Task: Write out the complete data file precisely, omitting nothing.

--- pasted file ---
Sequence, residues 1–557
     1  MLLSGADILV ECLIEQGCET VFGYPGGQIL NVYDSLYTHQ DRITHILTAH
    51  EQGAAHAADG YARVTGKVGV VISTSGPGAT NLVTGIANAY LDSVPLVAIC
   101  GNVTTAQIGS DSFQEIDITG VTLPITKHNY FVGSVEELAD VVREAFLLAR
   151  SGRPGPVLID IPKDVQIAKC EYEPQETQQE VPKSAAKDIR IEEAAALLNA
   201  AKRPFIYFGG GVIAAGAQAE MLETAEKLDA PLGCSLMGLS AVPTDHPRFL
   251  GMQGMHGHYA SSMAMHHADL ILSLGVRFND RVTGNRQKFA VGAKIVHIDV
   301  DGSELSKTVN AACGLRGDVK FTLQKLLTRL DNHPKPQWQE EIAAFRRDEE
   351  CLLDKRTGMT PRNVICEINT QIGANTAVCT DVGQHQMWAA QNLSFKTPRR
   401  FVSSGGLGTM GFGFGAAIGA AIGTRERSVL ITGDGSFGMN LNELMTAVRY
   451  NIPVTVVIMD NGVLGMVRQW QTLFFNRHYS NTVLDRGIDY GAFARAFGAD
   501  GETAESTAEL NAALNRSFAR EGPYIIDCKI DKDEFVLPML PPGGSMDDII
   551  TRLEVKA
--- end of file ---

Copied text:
Sequence, residues 1–557
     1  MLLSGADILV ECLIEQGCET VFGYPGGQIL NVYDSLYTHQ DRITHILTAH
    51  EQGAAHAADG YARVTGKVGV VISTSGPGAT NLVTGIANAY LDSVPLVAIC
   101  GNVTTAQIGS DSFQEIDITG VTLPITKHNY FVGSVEELAD VVREAFLLAR
   151  SGRPGPVLID IPKDVQIAKC EYEPQETQQE VPKSAAKDIR IEEAAALLNA
   201  AKRPFIYFGG GVIAAGAQAE MLETAEKLDA PLGCSLMGLS AVPTDHPRFL
   251  GMQGMHGHYA SSMAMHHADL ILSLGVRFND RVTGNRQKFA VGAKIVHIDV
   301  DGSELSKTVN AACGLRGDVK FTLQKLLTRL DNHPKPQWQE EIAAFRRDEE
   351  CLLDKRTGMT PRNVICEINT QIGANTAVCT DVGQHQMWAA QNLSFKTPRR
   401  FVSSGGLGTM GFGFGAAIGA AIGTRERSVL ITGDGSFGMN LNELMTAVRY
   451  NIPVTVVIMD NGVLGMVRQW QTLFFNRHYS NTVLDRGIDY GAFARAFGAD
   501  GETAESTAEL NAALNRSFAR EGPYIIDCKI DKDEFVLPML PPGGSMDDII
   551  TRLEVKA